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British Gas first provider to raise prices

 

British Gas announced today that they are increasing electricity and gas prices for those on a standard tariff as of 29 May. 

Those on British Gas’ standard tariff will see their prices rise by over 5%, to an average of over £1,100 per year. The firm has justified this increase by stating that the cost of producing energy has risen as well, however, British Gas are the first supplier to hike up their prices this Spring.

British Gas is the UK’s biggest energy provider. They supply 11 million homes and one million businesses with energy in the UK, and are one of the energy providers that makes up the ‘Big 6,’ the six largest suppliers who dominate the energy industry.

 

What is a standard (variable) tariff?

Standard variable tariffs (something that British Gas scrapped last month but their standard tariff is effectively the same thing) are the default tariffs that customers are put on and are often the most expensive tariffs that providers offer. Customers will be put on a standard variable tariff if they move into a new property.

The change in address and personnel at the property means that the previous energy tariff that the last owner was on has ended, however, the same supplier will continue to provide energy to the property. This is when that supplier will put the new occupant of the property onto their standard variable tariff.

Equally, a customer will be put onto a standard variable tariff when their existing contract or tariff has ended and they have not renegotiated a new deal or switched provider. On a standard variable tariff, customers pay on average around 30% more for their energy than those who seek the cheapest alternative.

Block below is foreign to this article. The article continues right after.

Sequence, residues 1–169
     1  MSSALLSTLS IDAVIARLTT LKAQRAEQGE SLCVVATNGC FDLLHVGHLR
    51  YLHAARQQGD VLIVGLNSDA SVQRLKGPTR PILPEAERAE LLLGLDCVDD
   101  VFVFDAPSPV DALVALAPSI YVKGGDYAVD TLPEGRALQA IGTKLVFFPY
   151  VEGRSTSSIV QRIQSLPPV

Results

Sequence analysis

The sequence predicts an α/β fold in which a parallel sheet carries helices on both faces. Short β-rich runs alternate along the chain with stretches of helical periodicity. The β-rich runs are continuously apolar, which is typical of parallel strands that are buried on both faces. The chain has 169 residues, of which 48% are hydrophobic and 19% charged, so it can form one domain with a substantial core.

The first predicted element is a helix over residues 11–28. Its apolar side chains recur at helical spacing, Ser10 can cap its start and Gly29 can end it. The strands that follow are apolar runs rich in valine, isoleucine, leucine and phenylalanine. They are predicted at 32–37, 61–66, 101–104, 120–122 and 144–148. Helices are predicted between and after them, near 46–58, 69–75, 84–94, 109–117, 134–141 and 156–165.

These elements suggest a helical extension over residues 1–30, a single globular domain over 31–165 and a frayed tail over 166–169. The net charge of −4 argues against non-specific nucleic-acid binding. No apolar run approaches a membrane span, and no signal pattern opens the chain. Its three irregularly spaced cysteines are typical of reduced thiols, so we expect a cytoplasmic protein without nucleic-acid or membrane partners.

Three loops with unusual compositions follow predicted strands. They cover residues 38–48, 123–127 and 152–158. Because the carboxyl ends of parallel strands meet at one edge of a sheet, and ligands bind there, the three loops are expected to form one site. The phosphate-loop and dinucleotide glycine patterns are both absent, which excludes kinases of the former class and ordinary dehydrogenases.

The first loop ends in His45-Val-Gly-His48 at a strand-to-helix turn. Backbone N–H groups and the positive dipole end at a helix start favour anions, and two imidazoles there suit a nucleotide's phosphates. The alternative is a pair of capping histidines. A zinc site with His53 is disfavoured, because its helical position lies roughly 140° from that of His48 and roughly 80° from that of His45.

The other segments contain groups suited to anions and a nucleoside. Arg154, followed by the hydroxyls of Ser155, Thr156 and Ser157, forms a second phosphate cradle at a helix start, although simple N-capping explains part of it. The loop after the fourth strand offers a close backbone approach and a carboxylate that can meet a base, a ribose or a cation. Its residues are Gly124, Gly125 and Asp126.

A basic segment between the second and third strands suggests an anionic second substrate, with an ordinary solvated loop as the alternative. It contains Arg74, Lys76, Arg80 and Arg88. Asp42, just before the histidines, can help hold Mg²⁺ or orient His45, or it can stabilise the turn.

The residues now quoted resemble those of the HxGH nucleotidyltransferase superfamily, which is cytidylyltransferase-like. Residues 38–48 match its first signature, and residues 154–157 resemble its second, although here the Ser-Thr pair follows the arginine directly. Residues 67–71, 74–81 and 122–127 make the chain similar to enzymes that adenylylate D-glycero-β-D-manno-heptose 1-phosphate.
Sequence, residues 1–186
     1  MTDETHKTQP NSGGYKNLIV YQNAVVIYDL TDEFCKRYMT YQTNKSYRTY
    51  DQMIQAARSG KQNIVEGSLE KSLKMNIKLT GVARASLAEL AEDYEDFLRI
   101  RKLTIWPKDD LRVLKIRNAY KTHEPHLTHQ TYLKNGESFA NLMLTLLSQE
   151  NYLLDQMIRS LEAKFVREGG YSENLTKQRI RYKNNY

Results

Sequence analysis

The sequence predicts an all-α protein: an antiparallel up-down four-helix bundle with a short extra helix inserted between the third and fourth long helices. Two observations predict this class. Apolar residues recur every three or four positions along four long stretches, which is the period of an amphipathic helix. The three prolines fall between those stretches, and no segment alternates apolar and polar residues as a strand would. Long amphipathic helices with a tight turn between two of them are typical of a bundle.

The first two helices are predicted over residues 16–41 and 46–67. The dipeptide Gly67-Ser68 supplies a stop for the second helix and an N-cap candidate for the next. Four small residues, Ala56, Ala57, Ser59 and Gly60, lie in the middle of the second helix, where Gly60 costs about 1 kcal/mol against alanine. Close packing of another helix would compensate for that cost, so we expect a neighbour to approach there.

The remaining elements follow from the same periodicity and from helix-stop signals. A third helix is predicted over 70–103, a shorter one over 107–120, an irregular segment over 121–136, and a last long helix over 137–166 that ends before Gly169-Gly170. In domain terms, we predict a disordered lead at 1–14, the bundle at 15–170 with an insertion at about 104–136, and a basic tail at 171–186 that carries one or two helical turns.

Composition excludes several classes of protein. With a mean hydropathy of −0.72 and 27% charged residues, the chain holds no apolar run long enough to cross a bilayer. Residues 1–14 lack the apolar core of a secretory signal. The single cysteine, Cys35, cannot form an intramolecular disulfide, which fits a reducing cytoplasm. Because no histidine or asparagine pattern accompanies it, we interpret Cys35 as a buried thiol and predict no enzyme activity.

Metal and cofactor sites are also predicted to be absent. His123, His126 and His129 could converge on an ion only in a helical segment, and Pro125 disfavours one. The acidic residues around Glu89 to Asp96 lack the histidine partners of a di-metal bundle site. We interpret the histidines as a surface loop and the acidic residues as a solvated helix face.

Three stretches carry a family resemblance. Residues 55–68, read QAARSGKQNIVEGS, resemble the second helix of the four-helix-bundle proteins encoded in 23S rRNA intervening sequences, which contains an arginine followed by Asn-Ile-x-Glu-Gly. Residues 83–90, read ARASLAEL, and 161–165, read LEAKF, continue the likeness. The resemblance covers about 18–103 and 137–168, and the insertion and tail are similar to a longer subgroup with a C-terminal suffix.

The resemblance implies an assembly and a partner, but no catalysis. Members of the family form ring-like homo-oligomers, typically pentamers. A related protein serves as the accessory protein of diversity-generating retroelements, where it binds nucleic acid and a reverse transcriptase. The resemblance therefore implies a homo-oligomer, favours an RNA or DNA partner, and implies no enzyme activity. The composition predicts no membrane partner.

Considering the average spend on electricity and gas for the year on a standard variable tariff is over £1000, that is easily over £300 that could be save just by switching energy providers and tariffs.

 

Can I exit a standard variable tariff or switch providers for free?

Yes. A standard variable tariff is effectively a rolling tariff and there is no fixed date for which you are locked-into that contract for. This means you are free to leave at any time and it won’t cost you a penny.

 

How will this British Gas move affect the rest of the energy market?

With British Gas breaking rank by being the first provider to raise their prices this term, will this prompt others to follow?

It is likely that other providers will use a similar story of rising energy production costs to justify a subsequent rise in prices. If the energy-production-cost line is true, then it would make sense for all providers to increase their prices.

Equally, if it is simply a fabrication created to justify price rises, other providers will likely still follow suit as it is a good opportunity to boost profit. If every company is doing the same, there will be minimal individual backlash for a provider if they were to raise prices. British Gas are brave in someway, effectively taking the initial ‘hit for the team’ so that industry energy prices will rise as a whole.

 

What does this all mean now?

The price rise for energy providers’ standard variable tariffs only further highlights the importance of switching tariffs when moving house or when your existing tariff ends. Standard variable tariffs play a huge part in energy providers making large profits, with customers either not aware or not interested in switching providers to seek a cheaper tariff.

 

I might be on a standard variable tariff now, what should I do?

Get in touch with us! Our free service helps people in your situation every day. In one quick call we will be able to see how much you are paying on the standard variable tariff, get quotes for the cheapest providers and tariffs available for you and if you are happy with what we recommend we can set you up on a new tariff there and then.

You won’t even have to get in touch with your current provider to cancel your existing tariff as your new provider will do that for you when they take over at the property!

 

I don’t think I am on a standard variable tariff but believe I am paying too much for energy?

If you feel your energy bills are too expensive, feel free to get in touch with us as well.

For the sake of a quick, free call, you could still end up saving a lot of money. You will get straight through to one of our advisers who can assist you on the best action to take in your situation.